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Fla. Soldier Remembered For His Faith

Corporal Killed in Iraq Is Buried at Arlington

Published on Saturday, December 17, 2005
in the Washington Post

People who met Cpl. Jimmy L. Shelton could tell right away he was a good-hearted country boy with a quick wit and a sense of humor to match, friends said. But those who had the opportunity to get to know him discovered the 21-year-old soldier also had a profound relationship with Jesus Christ and a sober view of his responsibilities toward God and country, they said.

Shelton, 21, of Lehigh Acres, Fla., died Dec. 3 in Bayji, Iraq, when his base was attacked by mortar fire. He had been trained as a cavalry scout and assigned to the 1st Squadron, 33rd Cavalry Regiment, 3rd Brigade Combat Team, 101st Airborne Division, based at Fort Campbell, Ky.

He was buried yesterday at Arlington National Cemetery, the 206th person killed in Operation Iraqi Freedom to be buried there.

During a service at the Old Post Chapel, Shelton was posthumously awarded a Bronze Star and a Purple Heart. About 100 mourners then proceeded to the grave site, where Shelton was eulogized by an Army chaplain, Maj. Claude Brittian. Brigadier Gen. Stephen Mundt presented the flag that had draped Shelton's coffin to his father, Burgess Shelton. He also is survived by his mother, Donna Manger, and stepmother, Billi Jo Shelton. Shelton was born in Belle Glade, Fla.

"We knew he was going to be a faithful soldier for his Christ," said John Vance, 25, a friend who had known Shelton for more than a decade. They attended school together at Gunnery Road Christian Academy in Buckingham, Fla., where Shelton was close friends with Vance's younger sister, Jackie. They also worshiped together at Gunnery Road Baptist Church, where Vance's father, Terry Vance, is pastor.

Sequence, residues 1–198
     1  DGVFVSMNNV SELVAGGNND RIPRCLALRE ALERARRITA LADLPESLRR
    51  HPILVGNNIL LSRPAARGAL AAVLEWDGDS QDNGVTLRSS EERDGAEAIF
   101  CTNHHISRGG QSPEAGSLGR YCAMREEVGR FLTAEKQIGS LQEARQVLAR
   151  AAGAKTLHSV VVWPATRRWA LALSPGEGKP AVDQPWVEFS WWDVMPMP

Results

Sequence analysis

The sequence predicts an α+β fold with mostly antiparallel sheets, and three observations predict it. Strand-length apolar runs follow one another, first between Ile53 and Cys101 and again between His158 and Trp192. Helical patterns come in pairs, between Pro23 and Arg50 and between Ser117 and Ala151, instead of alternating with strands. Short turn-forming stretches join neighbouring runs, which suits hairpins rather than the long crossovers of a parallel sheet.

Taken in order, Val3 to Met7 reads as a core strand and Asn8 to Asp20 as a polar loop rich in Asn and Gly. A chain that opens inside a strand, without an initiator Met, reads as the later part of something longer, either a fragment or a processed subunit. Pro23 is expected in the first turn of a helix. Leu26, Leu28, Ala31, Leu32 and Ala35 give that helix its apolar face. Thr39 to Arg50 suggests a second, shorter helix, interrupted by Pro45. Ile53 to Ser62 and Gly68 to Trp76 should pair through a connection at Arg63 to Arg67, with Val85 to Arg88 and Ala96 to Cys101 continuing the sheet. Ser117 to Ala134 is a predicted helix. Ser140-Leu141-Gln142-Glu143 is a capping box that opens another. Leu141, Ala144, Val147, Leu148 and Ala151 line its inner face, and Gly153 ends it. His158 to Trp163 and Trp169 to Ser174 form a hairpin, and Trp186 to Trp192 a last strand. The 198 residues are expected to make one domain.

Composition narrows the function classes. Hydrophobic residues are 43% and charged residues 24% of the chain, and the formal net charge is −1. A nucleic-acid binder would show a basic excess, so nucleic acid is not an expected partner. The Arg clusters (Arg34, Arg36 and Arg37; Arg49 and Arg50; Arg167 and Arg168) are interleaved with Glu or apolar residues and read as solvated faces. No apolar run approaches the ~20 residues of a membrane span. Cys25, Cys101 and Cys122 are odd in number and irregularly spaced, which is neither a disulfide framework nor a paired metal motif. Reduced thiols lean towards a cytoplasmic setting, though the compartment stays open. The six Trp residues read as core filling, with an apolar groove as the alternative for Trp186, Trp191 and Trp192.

About 400 people attended a service held in Shelton's memory Tuesday at Riverside Church in Fort Myers, Fla. Terry Vance memorialized Shelton as someone who not only was a good soldier but who also was guided by his unwavering faith.

After his death, Shelton's family learned that he had written the page number for one of his favorite hymns, "He Gave His Life for Me," in his Bible.

During his younger years, Shelton was known as a jokester who was always ready with a prank or sly retort. For example, he wore a pair of Garfield pajamas that he had made in a school sewing class under his robe on graduation day, rather than the suits or formal attire that other students wore. Shelton also was active in athletics. He played basketball and was quarterback of the football team.

Shelton was interested in pursuing a career in law enforcement and studied criminal justice at Bob Jones University for about a year. He returned to Florida to work at a correctional facility and decided to enlist in the Army. He never failed to stop by his former church and school whenever he was home on leave.

Vance said that during his time in the service, Shelton became more serious and matured beyond his years.

"He understood the reality of life and that he might die," Vance said. "He knew he'd been given a lot and knew something was required of him."

Shelton told those close to him that he loved being a soldier. He left for Iraq this year and recently had been promoted to corporal. In the days shortly before his death, he had called most of his close family members and friends and told them he was doing well and believed in his mission.

"God was preparing us, and God was preparing him," Vance said. "We were able to reassure him of our love, too."